Thursday, September 22, 2016

Does God create the reprobate to damn them?

A popular objection to reprobation is that God creates the reprobate for the purpose of damning them. I don't recall ever seeing an Arminian explain the process of reasoning by which he arrives at that conclusion. It's just one of many village Arminian objections to Calvinism. However, I'm guessing the unstated argument goes something like this:

i) According to Calvinism, everyone in hell was predestined to go there.

ii) The final state of a creature or artifact is the purpose for which it was made.

iii) When a person ends up in hell, then according to Calvinism, God made him for the purpose of damning him.

Assuming that's the argument, is that a valid inference? (i) is correct. But the wheels come off with (ii) the minor premise. That confounds a temporal end with a teleological ends. To take a few examples:

It's like saying: if broken coffeemakers wind up in the junkyard, then they were made for the purpose of going to the junkyard. 

But, of course, that's a ridiculous inference. They were designed to make coffee.

Likewise, if the final destination of an automobile is the junkyard, that doesn't mean it was made for that reason.

By the same token, suppose the CIA plants a bomb on a terrorist courier, then detonates the bomb by remote control when the courier enters terrorist headquarters, thereby killing the upper echelon of the terrorist organization. Although getting blown up is the last thing that happens to the courier, the CIA didn't' plant a bomb on the courier in order to kill him, but to kill the upper echelon of the terrorist organization. Killing the courier wasn't the goal, but the means to that end. (Of course, as a terrorist courier, he got his comeuppance.)

The reprobate have a purpose to serve before they die. 


  1. Of course they even have a purpose after they die, both for God's glory and the ultimate good of the elect. Arminians hate that sort of thing.

    Robert Reymond may have made a similar mistake confounding teleological with temporal order in his defense of a supra paradigm. I'm no infra and I think Bavinck probably hedged. I can be called supra since I affirm creation was intended to serve redemption and reprobation. I find the infra treatment of the decree latent Arminianism.

    I think many things that occur, although surely divinely intended, are wrongly regarded, without any nuance whatsoever, as the purpose of God. Purpose connotes the reason for something. Whereas when something is regarded by the Calvinist as intentional, it can simply mean to suggest that it is was not unintended or occurred by accident. All is decreed. All is intended. But not all things intended find their ultimate purpose in what has just or finally occurred. So, take 9-11. I would surely consider the main event God's purpose, whereas the initial loud noise that occurred was not so much a purpose of the event yet it was no less intended. Some events are often better interpreted as an intended and necessary byproduct of the purpose of God. Of course, some seemingly inconsequential byproducts we might later reclassify as purpose, like in the realm of scientific breakthrough. Penicillin comes to mind.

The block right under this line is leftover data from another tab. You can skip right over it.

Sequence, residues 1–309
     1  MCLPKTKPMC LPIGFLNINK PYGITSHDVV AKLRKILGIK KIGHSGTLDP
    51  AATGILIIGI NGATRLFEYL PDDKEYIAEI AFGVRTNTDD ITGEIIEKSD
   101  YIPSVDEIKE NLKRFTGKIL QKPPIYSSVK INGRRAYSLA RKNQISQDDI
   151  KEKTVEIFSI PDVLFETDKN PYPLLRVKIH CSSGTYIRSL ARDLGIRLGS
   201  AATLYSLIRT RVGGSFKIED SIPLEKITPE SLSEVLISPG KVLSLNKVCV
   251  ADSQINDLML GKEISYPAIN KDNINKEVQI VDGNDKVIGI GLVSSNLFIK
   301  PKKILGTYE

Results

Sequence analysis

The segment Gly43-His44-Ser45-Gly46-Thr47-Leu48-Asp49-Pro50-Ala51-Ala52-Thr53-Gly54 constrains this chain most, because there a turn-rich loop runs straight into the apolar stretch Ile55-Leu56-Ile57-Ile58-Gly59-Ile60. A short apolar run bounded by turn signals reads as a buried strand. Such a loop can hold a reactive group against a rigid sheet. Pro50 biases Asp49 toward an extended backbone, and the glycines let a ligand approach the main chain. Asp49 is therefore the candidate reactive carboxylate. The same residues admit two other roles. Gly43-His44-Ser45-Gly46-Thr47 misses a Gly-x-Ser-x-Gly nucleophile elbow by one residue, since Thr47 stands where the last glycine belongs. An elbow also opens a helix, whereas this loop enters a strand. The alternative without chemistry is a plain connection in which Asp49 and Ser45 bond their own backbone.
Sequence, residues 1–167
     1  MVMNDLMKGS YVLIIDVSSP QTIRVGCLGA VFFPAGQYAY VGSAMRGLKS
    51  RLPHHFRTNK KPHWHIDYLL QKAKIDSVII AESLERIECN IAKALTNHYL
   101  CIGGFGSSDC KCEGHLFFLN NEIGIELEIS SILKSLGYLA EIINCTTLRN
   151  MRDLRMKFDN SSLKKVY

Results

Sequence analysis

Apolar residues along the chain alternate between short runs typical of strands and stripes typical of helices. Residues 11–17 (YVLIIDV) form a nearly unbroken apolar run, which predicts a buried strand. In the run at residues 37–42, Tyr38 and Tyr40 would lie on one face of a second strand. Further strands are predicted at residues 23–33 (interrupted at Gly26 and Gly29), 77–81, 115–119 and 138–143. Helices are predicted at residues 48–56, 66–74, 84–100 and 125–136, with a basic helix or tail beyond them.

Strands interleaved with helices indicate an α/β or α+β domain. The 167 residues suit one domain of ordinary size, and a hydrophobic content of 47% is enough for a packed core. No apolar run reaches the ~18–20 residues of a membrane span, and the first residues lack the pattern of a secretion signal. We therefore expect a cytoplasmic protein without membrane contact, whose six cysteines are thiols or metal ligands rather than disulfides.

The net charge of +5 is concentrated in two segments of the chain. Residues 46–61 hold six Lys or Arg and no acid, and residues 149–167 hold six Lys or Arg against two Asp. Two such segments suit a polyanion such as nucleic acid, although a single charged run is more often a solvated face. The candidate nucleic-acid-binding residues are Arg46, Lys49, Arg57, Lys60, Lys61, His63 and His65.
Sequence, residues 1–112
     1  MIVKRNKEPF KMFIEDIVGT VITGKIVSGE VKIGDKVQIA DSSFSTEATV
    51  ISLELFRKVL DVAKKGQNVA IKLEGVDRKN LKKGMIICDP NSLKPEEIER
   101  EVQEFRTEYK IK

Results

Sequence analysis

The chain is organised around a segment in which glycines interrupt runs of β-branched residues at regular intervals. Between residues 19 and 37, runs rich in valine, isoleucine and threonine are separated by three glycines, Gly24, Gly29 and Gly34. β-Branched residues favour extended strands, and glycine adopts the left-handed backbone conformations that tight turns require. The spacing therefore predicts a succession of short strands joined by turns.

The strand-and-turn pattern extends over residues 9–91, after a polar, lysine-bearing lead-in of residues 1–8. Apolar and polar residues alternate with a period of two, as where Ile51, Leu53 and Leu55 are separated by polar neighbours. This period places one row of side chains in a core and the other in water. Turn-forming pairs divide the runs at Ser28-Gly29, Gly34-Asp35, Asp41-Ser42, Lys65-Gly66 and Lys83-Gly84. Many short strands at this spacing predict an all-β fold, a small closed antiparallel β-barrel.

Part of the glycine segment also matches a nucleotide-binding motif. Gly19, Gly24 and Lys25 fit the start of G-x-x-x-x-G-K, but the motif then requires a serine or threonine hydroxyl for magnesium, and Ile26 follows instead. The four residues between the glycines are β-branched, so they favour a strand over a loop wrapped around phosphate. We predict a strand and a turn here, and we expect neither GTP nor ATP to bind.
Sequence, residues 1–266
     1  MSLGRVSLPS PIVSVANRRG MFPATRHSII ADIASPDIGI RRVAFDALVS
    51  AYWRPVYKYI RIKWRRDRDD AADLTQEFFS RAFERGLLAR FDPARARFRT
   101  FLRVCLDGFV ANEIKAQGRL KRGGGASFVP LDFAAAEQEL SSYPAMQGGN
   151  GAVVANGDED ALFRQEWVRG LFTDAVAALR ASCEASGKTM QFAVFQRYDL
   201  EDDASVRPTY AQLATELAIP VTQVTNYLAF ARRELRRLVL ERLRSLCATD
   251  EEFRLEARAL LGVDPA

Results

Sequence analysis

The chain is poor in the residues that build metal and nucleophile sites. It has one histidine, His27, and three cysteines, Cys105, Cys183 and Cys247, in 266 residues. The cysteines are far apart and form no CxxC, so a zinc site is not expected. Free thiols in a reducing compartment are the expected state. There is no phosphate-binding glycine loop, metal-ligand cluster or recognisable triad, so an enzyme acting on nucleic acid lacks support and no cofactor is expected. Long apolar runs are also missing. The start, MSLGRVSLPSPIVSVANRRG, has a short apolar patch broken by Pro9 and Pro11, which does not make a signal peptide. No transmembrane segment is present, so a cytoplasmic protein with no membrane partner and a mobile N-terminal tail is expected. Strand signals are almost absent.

Providence should stir us to marvel at the mind of God.

    1. Yes, eschatological judgment serves a purpose. In context, I'm simply pointing out that the final state of something doesn't necessarily represent its telos. If I take a scenic hike, my objective is not to get to end of the hike, but what I see in-between. If I listen to music, the objective is not to reach the end of the recording, but to enjoy the entire piece of music.

  2. Total agreement. Was only elaborating for your Arminian foes. :)

  3. It seems to me that God can have multiple purposes for the same thing (e.g. persons) or events. Take Judas Iscariot. God had multiple purposes for creating Judas which included things like:

    1. manifesting the image of God;

    2. serving as one of Christ's Apostles;

    3. preaching the Gospel of the Kingdom and healing the sick (and so relieve people's spiritual and physical sicknesses);

    4. warning people of the evil and dangers of insincere faith, greed and apostasy,

    5. the truth of election and reprobation

    6. demonstrating the sovereignty and justice of God

    7. glorifying Himself by demonstrating #6, namely His sovereignty and justice

    8. enabling the elect to have greater appreciation for their salvation and election

    When non-Calvinists say that in Calvinism "God creates the reprobate for the purpose of damning them" that seems to be a strawman representation in that it subtly implies that God's final/ultimate and/or sole/only purpose in reprobation is to damn persons. As if God delights in damning people just for the sake of damning them. That makes [the Calvinistic conception of] God out to be arbitrary, cruel, irrational, unjust and not good. God's purposeS [plural] in reprobation and creating the non-elect are multi-faceted and include (among other temporal things like cultural/societal contributions both positive and negative) the manifestation of God's attribute of justice, attribute of sovereignty and for the greater glory of God.

  4. Do you think that is better? Because it is not. It is much, much worse. The reprobate are created for the purpose of being disposable tools, destined not for just any junkyard, but a fiery junkyard of everlasting torment.

    That is not remotely biblical.